Police questioned one of Israel's top religious officials, Chief Rabbi Yona Metzger, on Thursday on suspicion of bribery, fraud and money laundering, a police spokesman said.
On the night of Jan. 24, former Israeli Prime Minister Ariel Sharon was transported to Soroka University Medical Center in the southern Israeli city of Beersheba. Secured horizontally and face-up, he was passed slowly through an advanced magnetic resonance imaging (MRI) machine, which enabled UCLA psychology professor Martin Monti and a team of Israeli experts to perform an array of tests that lasted 90 minutes.
A key state witness in a corruption trial against former Israeli prime minister Ehud Olmert died hours after testifying.
Gerald Scarfe the British cartoonist who published the sketch of Israeli Prime Minister Benjamin Netanyahu building a wall on the bodies of Palestinians and using their blood as cement, has denied that he is or ever was an anti-Semite. Scarfe said: "I am not, and never have been, anti-Semitic." Fair enough.
Palestinians say they do not expect significant improvement in their lives or a re-starting of the peace process after Israel’s national election next month.
Palestinian Authority President Mahmoud Abbas reportedly said he wanted to negotiate with Israel it if freezes construction for six months in the West Bank and Jerusalem.
Former Israeli leader Ehud Olmert put an end to weeks of political suspense on Thursday with a decision not to run against Prime Minister Benjamin Netanyahu in January's election.
Rahm Emanuel said Israeli Prime Minister Benjamin Netanyahu betrayed the Obama administration by announcing a new settlement expansion and the cutoff of tax transfers to the Palestinian Authority.
Speaking at Columbia Law School, former Israeli Prime Minister Ehud Olmert called the Likud an “extreme right-wing party” and suggested that Prime Minister Benjamin Netanyahu should have better relations with the White House.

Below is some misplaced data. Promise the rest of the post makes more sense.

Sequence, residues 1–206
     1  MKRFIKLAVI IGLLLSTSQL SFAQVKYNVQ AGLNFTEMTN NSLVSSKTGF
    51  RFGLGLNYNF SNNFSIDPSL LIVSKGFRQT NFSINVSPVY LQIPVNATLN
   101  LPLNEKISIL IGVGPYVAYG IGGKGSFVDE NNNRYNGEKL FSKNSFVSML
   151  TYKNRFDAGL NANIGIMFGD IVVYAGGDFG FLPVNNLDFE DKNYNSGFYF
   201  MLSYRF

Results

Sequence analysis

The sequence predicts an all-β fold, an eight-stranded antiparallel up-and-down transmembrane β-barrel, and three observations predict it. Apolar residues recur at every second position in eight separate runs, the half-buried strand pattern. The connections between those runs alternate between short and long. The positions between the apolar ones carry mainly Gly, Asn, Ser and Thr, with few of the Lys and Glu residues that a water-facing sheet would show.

Israel's state prosecutor appealed the acquittals of former Prime Minister Ehud Olmert in two corruption cases.
Israel's state prosecutor will appeal the acquittals of former Prime Minister Ehud Olmert in two of three cases decided earlier this year.
Prime Minister Benjamin Netanyahu kicked off his re-election campaign on Monday, saying Israel had new unspecified "capabilities" to act against Iran's nuclear threat, an issue he said he had placed at the heart of the global debate.
Former Prime Minister Ehud Olmert, who has just received a slap-on-the-wrist sentence in a corruption case, is considering staging a political comeback in an election early next year, a former aide said on Wednesday.
Former Israeli Prime Minister Ehud Olmert was sentenced to one to three years of probation and fined about $19,000 for a breach of trust conviction.
Former Israeli Prime Minister Ehud Olmert was sentenced to six months of community service for a breach of trust conviction.
With his recent return to the top ranks of Israel’s government, Shaul Mofaz is receiving plenty of attention in high places for emphasizing renewed talk of peace with the Palestinians. It’s yet another high point in a relatively short political career — after 35 years of military service — that is making Mofaz a heavyweight on his country’s political scene.
When President Bill Clinton chose in January 2001 to unveil his Clinton Parameters for Arab-Israel peacemaking, he chose an Israel Policy Forum gala to do it. Four years later, then-Israeli Deputy Prime Minister Ehud Olmert sought the same audience to announce then-Prime Minister Ariel Sharon’s willingness to negotiate with the Palestinians.
Israeli Defense Minister Ehud Barak said the recent spate of criticism by former Prime Minister Ehud Olmert's "gang" on a possible attack on Iran's nuclear infrastructure has caused "damage" to Israel.
The first Israeli government official ever to appear before J Street received a rousing, whistling, foot-stomping reception. And that was it, as far as the welcome went.
The indictment of former Prime Minister Ehud Olmert and 17 other Israelis on charges related to one of the largest real estate scandals in Israeli history is the latest shoe to drop in a country where political corruption has come to be seen as an epidemic.